US 3801487 A
Abstract available in
Claims available in
Description (OCR text may contain errors)
Aprll 2, 1974 D. PAHL 3,801,487
DEVICE EOE ADJUSTING THE WORKING GAP BETWEEN THE WORK PIECE AND TOOL ELECTRODES DURING AN ELECTROCHEMICAL MACHINING OPERATION Filed Sept. 2, 1971 I/YYEIVTOR United States Patent M DEVICE FOR ADJUSTING THE WORKING GAP BETWEEN THE WORKPIECE AND TOOL' ELECTRODES DURING AN ELECTROCHEMI- CAL MACHINING OPERATION Dietrich Phal, Dietzenbach, Germany, assignor to NASSOVIA Werkzeugmaschinenfabrik G.m.b.H., Langen, Germany Filed Sept. 2, 1971, Ser. No. 117,359
"Claims priority, application Germany, Sept. 5, 1970,
' I Int. Cl. B23p 1/14 US. Cl. 204-224 M 8 Claims ABSTRACT OF THE DISCLOSURE ,Method of and device for adjusting the working gap in an electrochemical machining system in which a tool electrode poled as cathode is by means of a feed motor moved relative toward a workpiece electrode poled as anode and in which after adjustment of a Working gap between the electrodes an electrolyte is pumped through the working gap, while electrically parallel to the two electrodes there is provided a voltage detector which controls switch means for the feed motor in such a way that in the absence of a metallic contact between the two electrodes the tool electrode is moved by the feed motor toward the workpiece electrode whereas in response to a metallic contact between the electrodes the voltage detector opens the switch means, and the feed motor is stopped.
The present invention relates to electrochemical machining and, more specifically, concerns a method of and apparatus for controlling the working gap in devices for electrochemically machining, especially electrochemically sinking, according to which a tool electrode poled as cathode is by means of a feed motor moved toward a work piece poled as anode whereupon, after adjustment of the working gap between the workpiece and the tool, an electrolyte is pumped through the working gap.
The electrochemical sinking process is a copying ma: chining method-according to which by a translatory feeding advancement, inmost instances a feeding movement of the tool, a sinking-in in the workpiece is produced in one single Working operation. With a predetermined sinking depth it is important to know at which position of the feeding spindle carrying the tool, the tool will be tangent to the plane determined by the upper edge of the workpiece, because it is from this point that the sinking depth through which the tool has to pass during the machining operation will be calculated. Heretofo'ie it was customary to set the working gap, as a rule, by hand. Such a procedure, however, is time consuming so that relatively long stopping times of the device are necessary. Moreover, the manual adjustment frequently results in a lack of precision.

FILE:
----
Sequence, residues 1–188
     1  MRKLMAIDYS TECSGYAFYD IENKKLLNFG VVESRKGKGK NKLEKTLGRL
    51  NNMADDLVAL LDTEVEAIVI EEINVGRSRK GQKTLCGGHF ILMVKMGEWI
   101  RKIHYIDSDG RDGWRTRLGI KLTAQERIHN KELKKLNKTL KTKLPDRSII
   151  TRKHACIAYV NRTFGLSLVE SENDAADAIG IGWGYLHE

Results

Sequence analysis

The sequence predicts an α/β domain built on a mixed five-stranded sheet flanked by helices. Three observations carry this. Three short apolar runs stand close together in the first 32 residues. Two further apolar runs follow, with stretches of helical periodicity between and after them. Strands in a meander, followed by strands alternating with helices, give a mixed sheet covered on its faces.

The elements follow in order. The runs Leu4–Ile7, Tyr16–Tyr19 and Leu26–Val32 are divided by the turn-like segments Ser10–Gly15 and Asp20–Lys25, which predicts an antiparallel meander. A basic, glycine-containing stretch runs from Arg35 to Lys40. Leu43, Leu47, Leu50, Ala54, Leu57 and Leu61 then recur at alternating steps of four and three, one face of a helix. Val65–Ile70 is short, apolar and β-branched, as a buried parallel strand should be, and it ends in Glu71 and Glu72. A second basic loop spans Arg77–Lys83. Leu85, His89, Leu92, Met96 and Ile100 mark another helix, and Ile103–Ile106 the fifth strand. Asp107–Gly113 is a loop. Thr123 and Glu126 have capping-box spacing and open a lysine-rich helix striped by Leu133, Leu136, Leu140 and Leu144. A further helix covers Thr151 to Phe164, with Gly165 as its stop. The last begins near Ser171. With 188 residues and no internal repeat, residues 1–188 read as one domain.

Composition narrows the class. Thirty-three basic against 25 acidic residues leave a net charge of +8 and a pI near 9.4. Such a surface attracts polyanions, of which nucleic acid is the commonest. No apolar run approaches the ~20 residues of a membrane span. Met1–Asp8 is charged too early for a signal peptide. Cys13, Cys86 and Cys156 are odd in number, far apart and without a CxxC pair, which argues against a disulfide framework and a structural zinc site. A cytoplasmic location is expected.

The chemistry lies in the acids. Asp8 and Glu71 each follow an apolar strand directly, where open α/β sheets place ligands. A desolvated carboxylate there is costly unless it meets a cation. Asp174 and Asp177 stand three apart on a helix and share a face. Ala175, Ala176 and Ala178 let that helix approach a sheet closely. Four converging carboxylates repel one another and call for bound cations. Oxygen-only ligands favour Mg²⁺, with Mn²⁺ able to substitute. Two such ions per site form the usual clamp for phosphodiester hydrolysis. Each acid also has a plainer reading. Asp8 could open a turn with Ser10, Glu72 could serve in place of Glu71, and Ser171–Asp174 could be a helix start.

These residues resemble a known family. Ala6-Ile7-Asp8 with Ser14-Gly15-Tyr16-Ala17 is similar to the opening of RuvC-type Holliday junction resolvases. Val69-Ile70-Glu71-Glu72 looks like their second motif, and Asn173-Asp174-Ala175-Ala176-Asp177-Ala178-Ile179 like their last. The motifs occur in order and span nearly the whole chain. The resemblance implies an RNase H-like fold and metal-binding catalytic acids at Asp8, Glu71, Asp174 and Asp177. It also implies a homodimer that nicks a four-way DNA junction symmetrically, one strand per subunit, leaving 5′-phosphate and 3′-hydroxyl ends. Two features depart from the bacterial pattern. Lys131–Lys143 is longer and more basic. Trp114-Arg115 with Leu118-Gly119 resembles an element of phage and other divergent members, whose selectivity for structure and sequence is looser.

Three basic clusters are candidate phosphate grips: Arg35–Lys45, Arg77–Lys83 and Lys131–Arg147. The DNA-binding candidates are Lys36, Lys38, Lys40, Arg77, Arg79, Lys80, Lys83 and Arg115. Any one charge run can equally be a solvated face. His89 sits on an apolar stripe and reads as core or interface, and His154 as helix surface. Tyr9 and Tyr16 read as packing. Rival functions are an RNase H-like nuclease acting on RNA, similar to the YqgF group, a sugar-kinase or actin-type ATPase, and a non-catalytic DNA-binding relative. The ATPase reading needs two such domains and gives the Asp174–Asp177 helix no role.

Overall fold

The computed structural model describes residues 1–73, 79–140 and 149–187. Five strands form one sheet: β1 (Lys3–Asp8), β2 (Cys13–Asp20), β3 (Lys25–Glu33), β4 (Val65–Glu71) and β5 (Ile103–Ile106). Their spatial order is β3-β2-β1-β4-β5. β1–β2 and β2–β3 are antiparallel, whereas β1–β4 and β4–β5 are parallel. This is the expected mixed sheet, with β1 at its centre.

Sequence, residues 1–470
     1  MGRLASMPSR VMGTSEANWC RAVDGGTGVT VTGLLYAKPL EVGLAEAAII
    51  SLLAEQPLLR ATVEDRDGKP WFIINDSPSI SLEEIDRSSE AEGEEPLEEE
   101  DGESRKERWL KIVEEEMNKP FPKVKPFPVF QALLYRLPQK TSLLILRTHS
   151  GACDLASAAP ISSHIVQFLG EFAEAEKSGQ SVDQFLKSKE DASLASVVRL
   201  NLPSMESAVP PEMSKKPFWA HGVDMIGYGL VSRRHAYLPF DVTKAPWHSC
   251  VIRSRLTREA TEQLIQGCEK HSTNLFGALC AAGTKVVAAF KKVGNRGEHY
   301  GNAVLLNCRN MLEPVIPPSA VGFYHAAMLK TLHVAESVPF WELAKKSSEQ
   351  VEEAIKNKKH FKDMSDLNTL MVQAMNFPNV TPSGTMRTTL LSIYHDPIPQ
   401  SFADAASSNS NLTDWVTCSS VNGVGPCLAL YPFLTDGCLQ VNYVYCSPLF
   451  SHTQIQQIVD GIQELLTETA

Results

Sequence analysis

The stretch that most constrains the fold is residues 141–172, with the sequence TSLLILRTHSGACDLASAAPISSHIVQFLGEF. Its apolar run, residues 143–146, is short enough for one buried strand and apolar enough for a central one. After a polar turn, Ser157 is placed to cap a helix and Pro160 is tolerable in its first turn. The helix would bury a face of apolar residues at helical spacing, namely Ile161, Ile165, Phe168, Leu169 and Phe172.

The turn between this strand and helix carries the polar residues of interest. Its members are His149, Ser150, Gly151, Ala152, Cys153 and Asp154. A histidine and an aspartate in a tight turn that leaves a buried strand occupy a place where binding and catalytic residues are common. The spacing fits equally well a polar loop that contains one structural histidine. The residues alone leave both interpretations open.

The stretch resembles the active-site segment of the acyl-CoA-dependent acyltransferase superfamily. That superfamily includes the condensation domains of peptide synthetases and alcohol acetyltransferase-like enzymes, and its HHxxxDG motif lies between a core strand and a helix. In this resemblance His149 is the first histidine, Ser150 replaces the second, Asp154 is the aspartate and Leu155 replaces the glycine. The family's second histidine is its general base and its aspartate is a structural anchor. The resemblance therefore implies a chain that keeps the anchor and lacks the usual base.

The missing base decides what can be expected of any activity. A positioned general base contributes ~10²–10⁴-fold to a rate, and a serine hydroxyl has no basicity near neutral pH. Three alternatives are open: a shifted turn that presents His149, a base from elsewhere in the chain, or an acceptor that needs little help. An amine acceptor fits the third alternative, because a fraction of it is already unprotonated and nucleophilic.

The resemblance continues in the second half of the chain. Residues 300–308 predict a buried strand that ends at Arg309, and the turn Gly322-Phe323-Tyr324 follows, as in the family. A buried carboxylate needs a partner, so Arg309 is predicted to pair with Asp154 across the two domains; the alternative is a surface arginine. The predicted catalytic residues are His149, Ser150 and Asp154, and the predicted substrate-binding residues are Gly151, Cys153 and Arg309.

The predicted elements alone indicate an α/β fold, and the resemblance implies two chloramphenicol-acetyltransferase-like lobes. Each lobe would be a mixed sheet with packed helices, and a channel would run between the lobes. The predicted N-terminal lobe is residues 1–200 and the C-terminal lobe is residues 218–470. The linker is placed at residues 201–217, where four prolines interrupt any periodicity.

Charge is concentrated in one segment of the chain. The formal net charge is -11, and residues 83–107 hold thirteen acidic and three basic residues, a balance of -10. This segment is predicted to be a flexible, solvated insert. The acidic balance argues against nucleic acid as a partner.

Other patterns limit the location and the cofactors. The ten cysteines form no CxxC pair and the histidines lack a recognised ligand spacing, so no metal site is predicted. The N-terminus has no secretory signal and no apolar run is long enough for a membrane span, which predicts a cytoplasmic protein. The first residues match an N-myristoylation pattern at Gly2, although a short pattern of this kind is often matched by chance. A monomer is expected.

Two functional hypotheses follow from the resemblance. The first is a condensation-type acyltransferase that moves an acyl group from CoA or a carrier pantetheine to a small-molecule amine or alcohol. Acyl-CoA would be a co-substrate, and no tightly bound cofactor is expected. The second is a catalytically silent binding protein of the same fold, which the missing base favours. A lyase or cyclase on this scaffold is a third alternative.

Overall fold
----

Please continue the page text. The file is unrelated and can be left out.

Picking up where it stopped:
It is, therefore, 'an object of the present invention to provide a method of and device for adjusting the working gap between workpiece and tool automatically in' a minimum of time and in a reliable way. 1
.This object and other objects and advantages of the invention will appear more clearly from the following specification in connection with the accompanying drawing, in which: a
. FIG. 1 diagrammatically represents a section of a device according to the invention for electrochemically sinking.
FIG. 2 is a diagrammatic illustration of a section show-' ing means for compensating the springiness of the ma chine.
4 Patented Apr. 2, 1974 FIG. 3 is a diagrammatic circuit for use in connection with the device according to the invention.
FIG. 4 is a circuit diagram for an optimum exploitation of the installed direct current generator power.
FIG. 5 represents a diagram for illustrating differently controlled working cycles.
The device according to the present invention is characterized primarily in that parallel to the two electrodes formed by a tool and 'a workpiece respectively there is arranged a voltage generator adapted to control a switchon and switch-off mechanism for the feed motor in such a way that when no metallic contact is being established between the two electrodes, the tool will be moved toward the'workpiece whereas, when workpiece and tool engage each other, the voltage detector opens the switch and the feed motor is stopped.
-As long as the tool does not engage the workpiece, the voltage drop is practically non-terminating or unlimited so that the switch located in the current supply to the feed motor is held closed by the voltage detector. When workpiece and tool engage each other, in other words when a metallic contact exists between workpiece and tool, the